The latest discussions on the #rhizo14 Facebook group got me thinking about my “ethics of care” when I’m teaching a class. I had not really thought about it before, so I’m glad for the discussion at this time – as tomorrow I launch a free course (http://shouldiblog.org). I found myself asking, what are my responsibilities to reduce the likelihood of harm to the participants in my course?
Initially, I approached the course with a view that my job as the course facilitator was to provide information and ask leading questions – to prompt the learners in the course so that they think about what they want to do before they do it. I took quite a few lessons from Dave Cormier and Rhizo14 – creating short videos that I hope provide a sense of both a personal touch but also a motivation for the course participants. But, I’m also providing a fair bit more content than was created for Rhizo14. The learners in my course are not necessarily professional educators. They may have never taken an online course before. They likely need some scaffolding to help them. But also, my intent with this course was to develop actual course content – to use my experience as an online teacher to help those who wish to blog about cancer. I had never thought about how I, as the course facilitator, also had a responsibility for the emotional well being of the participants in my course.
This got me thinking about my own journey – and made me realize that I needed to provide a couple more options for how people interact with the course. I realized that when I started blogging about breast cancer (http://bcbecky.com), I needed to write but I was not ready to read. I was not yet in a position to open my heart to other people who had breast cancer – people who might die from breast cancer. This is really an uncomfortable place to be, and not the place I want the learners in my course to be. The course isn’t about sharing our journeys, as much as it is about helping participants to figure out if blogging is right for them, and if they do decide to blog, to help them figure out how to get started.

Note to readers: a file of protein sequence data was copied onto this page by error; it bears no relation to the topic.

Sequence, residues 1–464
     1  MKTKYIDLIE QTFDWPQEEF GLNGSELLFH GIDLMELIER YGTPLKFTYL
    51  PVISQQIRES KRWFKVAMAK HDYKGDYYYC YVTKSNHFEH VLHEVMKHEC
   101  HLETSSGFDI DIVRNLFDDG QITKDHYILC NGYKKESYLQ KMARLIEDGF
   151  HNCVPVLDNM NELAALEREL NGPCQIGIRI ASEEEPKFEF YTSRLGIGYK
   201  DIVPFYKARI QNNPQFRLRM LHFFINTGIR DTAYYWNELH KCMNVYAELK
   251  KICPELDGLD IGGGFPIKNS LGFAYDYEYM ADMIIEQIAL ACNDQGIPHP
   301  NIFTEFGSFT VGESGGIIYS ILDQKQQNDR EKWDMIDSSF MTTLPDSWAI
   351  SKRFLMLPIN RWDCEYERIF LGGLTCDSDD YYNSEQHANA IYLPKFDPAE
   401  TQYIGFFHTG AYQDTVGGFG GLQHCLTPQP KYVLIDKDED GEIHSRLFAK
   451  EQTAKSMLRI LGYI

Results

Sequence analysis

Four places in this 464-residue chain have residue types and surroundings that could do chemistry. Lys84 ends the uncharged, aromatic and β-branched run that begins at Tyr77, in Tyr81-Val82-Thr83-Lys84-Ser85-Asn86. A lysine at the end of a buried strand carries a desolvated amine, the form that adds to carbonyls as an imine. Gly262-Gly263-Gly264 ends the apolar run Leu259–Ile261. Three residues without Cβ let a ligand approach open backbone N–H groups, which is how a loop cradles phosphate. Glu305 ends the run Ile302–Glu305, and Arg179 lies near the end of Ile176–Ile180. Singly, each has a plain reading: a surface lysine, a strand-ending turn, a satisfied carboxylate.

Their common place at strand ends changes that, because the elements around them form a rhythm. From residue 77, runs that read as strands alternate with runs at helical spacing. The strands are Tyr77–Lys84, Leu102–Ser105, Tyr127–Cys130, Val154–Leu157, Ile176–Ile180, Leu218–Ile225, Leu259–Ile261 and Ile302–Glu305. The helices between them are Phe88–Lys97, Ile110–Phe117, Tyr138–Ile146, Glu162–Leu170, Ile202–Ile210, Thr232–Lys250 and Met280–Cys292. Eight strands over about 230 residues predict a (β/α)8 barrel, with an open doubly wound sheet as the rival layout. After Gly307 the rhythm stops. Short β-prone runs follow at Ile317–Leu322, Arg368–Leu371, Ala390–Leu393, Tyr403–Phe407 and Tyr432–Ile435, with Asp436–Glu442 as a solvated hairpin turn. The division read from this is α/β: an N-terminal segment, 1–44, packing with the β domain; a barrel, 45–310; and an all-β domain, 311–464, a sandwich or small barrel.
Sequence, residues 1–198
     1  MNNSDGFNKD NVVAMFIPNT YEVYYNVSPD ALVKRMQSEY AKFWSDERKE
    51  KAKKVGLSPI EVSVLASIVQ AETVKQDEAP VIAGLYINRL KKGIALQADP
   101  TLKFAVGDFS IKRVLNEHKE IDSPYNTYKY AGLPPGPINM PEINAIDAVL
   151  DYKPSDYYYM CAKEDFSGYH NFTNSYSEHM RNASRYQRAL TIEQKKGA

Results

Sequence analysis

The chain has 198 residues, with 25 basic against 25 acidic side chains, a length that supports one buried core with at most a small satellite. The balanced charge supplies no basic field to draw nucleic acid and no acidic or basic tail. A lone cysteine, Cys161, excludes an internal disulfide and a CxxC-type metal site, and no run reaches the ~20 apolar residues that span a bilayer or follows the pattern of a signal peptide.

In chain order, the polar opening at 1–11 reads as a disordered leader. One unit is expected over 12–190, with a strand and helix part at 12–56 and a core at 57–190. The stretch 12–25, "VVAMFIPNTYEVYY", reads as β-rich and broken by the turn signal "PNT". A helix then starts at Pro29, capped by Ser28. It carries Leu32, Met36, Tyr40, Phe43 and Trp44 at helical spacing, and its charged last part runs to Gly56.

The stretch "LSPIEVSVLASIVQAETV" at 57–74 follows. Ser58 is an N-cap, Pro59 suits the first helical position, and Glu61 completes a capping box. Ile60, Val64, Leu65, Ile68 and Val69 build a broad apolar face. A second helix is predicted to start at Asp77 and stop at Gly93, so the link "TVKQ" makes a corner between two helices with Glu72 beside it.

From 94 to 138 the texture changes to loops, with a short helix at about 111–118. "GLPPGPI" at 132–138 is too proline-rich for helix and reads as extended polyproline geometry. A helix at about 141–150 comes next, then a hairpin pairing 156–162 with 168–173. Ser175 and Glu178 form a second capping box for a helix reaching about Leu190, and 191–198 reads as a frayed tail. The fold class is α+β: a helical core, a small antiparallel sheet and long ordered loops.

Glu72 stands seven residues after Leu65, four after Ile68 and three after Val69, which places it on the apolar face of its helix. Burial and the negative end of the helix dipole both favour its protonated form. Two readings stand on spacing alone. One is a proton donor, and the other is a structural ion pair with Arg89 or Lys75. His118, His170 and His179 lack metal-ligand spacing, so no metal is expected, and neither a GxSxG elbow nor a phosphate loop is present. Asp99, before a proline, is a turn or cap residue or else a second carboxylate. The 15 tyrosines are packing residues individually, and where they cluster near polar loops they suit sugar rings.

Some would argue that with a free open online course, the facilitator cannot take on the responsibility of caring for the learners within the class – or at a minimum that the responsibility is less than it would be for a face-to-face class. I’m not so sure there is really that much of a difference. As educators, we are responsible for doing what we think is best, and we are responsible for reducing any harm that might occur as a result of our lessons. But, learning is messy and so is teaching. The roles of both the facilitator and the learner cannot be simplified such that there is one ‘right’ way to teach or one ‘right’ way to learn. What works for some learners will not work for others. What initiates learning in some may very well initiate discomfort in others. The best that I can do, as a course designer and facilitator, is be aware that some content may cause discomfort for the learners, and to give them options and support through the journey. At the moment, my enrollments are not so large that I cannot do this. I can offer all the learners in the course the option to interact with me privately, if they don’t feel comfortable interacting publicly.
I cannot be responsible if a learner experiences discomfort and disengages from the course. I can only reach for the learners that are willing to engage with me. I don’t have the ability to reach out to anyone by any means other than the emails they provided. They have a right to disengage for whatever reason they want. I cannot be held responsible for those that choose not to engage. This may seem like a ridiculous statement, but some would argue that I do have that responsibility. Sorry, but in my view, I have a responsibility to be mindful about how the content that I provide may cause discomfort, and to do my best to reduce that discomfort, but that is where my responsibility ends. There really is only so much an individual can do!